Good Reads have just announced which books their members voted for in 2017.
It turns out I didn't pick a single winner, although two of the winners, "Little Fires Everywhere" by Celeste Ng and "Into The Water" by Paula Hawkins are in my TBR pile. Perhaps, if I'd gotten to them in time, they'd have been my choices too.
I like this award as it's based on votes from readers and not on sales or critical acclaim.
Of course, GoodReads decides which books will be nominated and almost all the nominations have been pushed to me by Amazon or Audible during the year so it's not exactly a neutral list.
I enjoyed cheering for the authors I already knew and checking out some I hadn't met yet.
Here's who I voted for. I recommend them to you.
I thought the Fiction nominations were the strongest this year. As well as the winner, "Little Fires Everywhere", I'm looking forward to reading Elizabeth Strout's "Anything Is Possible" and Ruth Hogan's, "The Keeper Of Lost Things".
"Beartown" is a great book, even if I couldn't get myself past the emotionally challenging content to finish it.
Even so, I had no hesitation voting for "Eleanor Oliphant Is Completely Fine". It is original, honest, authentic, challenging and yet still manages often to be funny and always to be humane.
Gail Honeyman is now on my Must Read list.
Mystery and Thriller
This is a genre I've only really begun paying attention to this year so many of the books nominated passed me by.
Based on the list, I've picked up the winner, "Into The Water" by Jane Hawkins, who is new to me, and "Stillhouse Lake" by Rachel Caine who I know only from her fantasy books.
I would have bought "Glass Houses" by Louise Penny, but it's the thirteenth Chief Inspector Armand Gamache book, and I've only read "Still Life" the first in the series and I like to read series in order.
So my vote went to Jane Harper's debut novel, "The Dry", set in a dying small town in Australia. It's an atmospheric, mostly character driven book, that I found to be fresh and engaging.
Aaron Falk, the detective at the centre of this story about a murdered family seems authentic and relatively cliché-free. The second Aaron Falk book "Force Of Nature" is now on my TBR pile.
I'm a fan of Patricia Briggs' Mercy Thompson and, to a lesser extent, Ilona Andrews' Sweep series but I'm well behind the current releases so I couldn't vote for them.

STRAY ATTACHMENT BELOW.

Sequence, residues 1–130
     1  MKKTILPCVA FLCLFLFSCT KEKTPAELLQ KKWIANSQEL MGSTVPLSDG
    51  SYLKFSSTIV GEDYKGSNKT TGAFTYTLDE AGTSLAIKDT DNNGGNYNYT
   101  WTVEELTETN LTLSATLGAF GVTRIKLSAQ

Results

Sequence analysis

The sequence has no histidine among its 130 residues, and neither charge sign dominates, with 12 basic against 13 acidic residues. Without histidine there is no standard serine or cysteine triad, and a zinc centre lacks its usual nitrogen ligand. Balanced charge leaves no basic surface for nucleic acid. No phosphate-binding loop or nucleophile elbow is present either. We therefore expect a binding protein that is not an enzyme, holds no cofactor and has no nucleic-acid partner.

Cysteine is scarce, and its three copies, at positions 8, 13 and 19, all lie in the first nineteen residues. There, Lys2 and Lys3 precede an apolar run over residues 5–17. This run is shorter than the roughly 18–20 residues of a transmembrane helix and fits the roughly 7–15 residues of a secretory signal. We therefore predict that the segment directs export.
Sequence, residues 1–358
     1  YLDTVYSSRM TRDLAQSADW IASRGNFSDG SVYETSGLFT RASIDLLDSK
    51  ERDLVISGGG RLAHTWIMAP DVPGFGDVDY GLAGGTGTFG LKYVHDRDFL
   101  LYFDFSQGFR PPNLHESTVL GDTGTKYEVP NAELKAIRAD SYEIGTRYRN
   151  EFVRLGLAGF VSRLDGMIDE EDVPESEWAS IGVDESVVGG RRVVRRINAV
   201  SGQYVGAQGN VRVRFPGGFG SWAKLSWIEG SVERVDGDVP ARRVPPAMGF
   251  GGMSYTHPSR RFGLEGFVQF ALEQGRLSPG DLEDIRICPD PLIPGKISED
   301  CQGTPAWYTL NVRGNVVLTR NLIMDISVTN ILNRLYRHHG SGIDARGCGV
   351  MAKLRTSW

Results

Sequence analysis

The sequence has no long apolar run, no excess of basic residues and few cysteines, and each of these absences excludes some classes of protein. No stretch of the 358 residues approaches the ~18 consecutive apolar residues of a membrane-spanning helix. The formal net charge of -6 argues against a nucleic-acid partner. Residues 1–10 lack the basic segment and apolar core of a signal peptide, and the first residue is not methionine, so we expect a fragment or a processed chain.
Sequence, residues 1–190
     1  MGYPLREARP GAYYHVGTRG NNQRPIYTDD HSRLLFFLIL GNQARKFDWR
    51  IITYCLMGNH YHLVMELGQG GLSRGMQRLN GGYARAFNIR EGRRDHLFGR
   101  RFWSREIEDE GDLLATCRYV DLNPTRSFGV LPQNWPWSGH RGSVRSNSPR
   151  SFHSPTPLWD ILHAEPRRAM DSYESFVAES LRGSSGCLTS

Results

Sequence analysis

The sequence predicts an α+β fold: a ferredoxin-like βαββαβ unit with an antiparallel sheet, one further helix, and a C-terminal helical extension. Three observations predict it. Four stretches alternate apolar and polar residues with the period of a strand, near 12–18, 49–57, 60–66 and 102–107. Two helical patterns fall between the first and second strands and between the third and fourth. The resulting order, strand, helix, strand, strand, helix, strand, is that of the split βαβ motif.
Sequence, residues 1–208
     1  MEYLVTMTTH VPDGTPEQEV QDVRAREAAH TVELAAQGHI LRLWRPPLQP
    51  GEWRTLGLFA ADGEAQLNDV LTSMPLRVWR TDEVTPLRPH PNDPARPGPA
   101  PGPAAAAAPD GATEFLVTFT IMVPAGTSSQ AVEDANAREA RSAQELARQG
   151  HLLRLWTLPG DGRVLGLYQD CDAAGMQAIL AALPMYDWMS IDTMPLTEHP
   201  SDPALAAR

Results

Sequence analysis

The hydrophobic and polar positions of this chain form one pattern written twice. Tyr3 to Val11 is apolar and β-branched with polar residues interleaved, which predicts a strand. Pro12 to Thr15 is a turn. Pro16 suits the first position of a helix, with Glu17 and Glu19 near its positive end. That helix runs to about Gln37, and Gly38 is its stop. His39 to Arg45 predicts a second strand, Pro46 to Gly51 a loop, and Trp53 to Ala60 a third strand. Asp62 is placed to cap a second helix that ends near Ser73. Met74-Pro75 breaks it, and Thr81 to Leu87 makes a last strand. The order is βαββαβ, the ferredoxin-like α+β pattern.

"Etched In The Bone", the last in Anne Bishop's "The Others" series has been on my shelf since it was published but it hasn't called to me yet. I think I'm delaying bringing the series to an end and a little worried that I'll be disappointed.
I'm a longstanding J. K. Rowling fan and I enjoy the movie of "Mythical Beasts And Where To Find Them" but I'm disappointed to see the screenplay win this section. It got almost twice as many votes as its nearest rivals so it's a clear winner but screenplays are not books. Not even close.
My vote went to Mark Lawrence's "Red Sister", which is original, bloodthirsty and bold. Some of the themes are distressing and all of the (frequent) violence is graphic but it swept me along in its own self-confidence.
Science Fiction also has a strong set of nominees. I loved "Provenance" by Ann Leckie for its quiet evocation of another world and its insights into people, not all of whom were human.
I'm curious about "Waking Gods" by Sylvain Neuvel. I want to see if the technique changes from "Sleeping Giants" to become something more like a novel and less like a play.
The list tempted me to add new authors to my TBR pile: Martha Wells "All Systems Red", Omar El Akkad "American War", and Jeff Vandermeer, "Bourne".
Andy Weir, who won with "Artemis" doesn't appeal to me: too hard science, too puzzle-based.
My vote went to "And The Rest Is History" because Jodi Taylor, in the eighth book of what used to be a fun series about time traveller historians causing mayhem, played my emotions like a violin and made me cry. That's character driven writing at its best.
Best Debut GoodReads Author
I'm grateful to GoodReads for providing a platform for new talent.
Jane Harper is on here for "The Dry" and Omar El Akkad for "American War" and Jennifer Ryan for "The Chilbury Ladies Choir".
I voted for "Midnight At The Bright Ideas Bookstore" by Matthew Sullivan.
I would probably not have found this book if it hadn't been on the longlist for this award.
It's not as bright and cheery as the title suggests but it is a wonderful look at how books give the damaged hope. It's wrapped around a good mystery and has memorable, believable people at its heart.